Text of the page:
PARENTS WILL LEAVE JOBS FOR BETTER FAMILY BENEFITS AND LESS PAY

By October 20, 2016Blog

Currently many regions and industries in the country are nearing full employment. The competition for workers has increased greatly over the past decade. That’s why the results of a new study are so newsworthy. The study, produced by Bright Horizons, finds that 49 percent of new parents say they have taken a job for less money because their new employer offered better benefits for families.

This is great news for nonprofits. Historically, nonprofits have subsidized their lack of high salary offerings with healthy benefits and friendly workplaces. The data suggests parents, especially new parents, should be prime targets for nonprofit recruiters.

The Bright Horizons study addressed how employment and jobs influence the decisions of new or expectant parents. The complete study finds that many parents consider their employment as a large part of their family planning. It also reports that many workers feel that their employers judge them negatively for becoming a parent.

Key reported findings show:

  • Virtually all women surveyed are excited to return to work after a maternity leave
  • More than one in three new parents report feeling that their boss presumes they are now less committed to work and would prefer if they left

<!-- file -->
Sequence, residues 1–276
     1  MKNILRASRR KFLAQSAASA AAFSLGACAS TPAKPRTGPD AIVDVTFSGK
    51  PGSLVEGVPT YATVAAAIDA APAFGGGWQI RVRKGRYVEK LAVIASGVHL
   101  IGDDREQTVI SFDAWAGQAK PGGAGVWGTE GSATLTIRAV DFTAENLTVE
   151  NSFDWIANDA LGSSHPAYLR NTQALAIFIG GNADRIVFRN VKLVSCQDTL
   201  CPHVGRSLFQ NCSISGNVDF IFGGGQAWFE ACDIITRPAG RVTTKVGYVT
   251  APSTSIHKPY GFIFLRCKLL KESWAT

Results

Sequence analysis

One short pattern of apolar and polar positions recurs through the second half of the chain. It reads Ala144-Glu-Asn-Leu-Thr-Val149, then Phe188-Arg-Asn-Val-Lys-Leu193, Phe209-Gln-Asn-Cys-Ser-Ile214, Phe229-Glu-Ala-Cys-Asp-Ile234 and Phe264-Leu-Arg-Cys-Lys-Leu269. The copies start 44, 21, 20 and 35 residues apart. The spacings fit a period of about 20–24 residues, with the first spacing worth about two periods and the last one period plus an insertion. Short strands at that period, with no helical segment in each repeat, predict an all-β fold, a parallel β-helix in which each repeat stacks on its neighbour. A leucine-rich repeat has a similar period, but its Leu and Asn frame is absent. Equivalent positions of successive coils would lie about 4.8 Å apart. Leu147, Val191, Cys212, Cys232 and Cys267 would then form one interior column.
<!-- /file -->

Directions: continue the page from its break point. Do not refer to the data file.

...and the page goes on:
• Women aren’t the only ones facing workplace bias; new fathers reported being judged negatively by their peers and bosses and say that becoming a parent will cause them to look for a new workplace
bright-horizons-parent-employment

Source: Bright Horizons

Bright Horizons seems to have confirmed a possible bias in the workplace towards working parents. They reported the following:

Each of the three reports in the Modern Family Index series has demonstrated examples of workplace bias. The first report revealed that working moms and dads feel they can’t be honest with their supervisors about family responsibilities, and worry that family responsibilities could even get them fired. The second survey showed that working parents are experiencing burnout due to the stress of managing their work and family responsibilities, and feel their employers do not care about them.

However, the fact that nearly two in five (38 percent) first-time parents felt they needed a family-friendly job before having their first child, according to this year’s MFI, shows that working moms and dads are willing to stay in the workforce with the right combination of job, pay, and work/family life balance.

Nonprofits should take note of these findings. They may confirm what many sector executives have long suspected – creating a family friendly workplace is a competitive advantage for the nonprofit sector when competing for talent.

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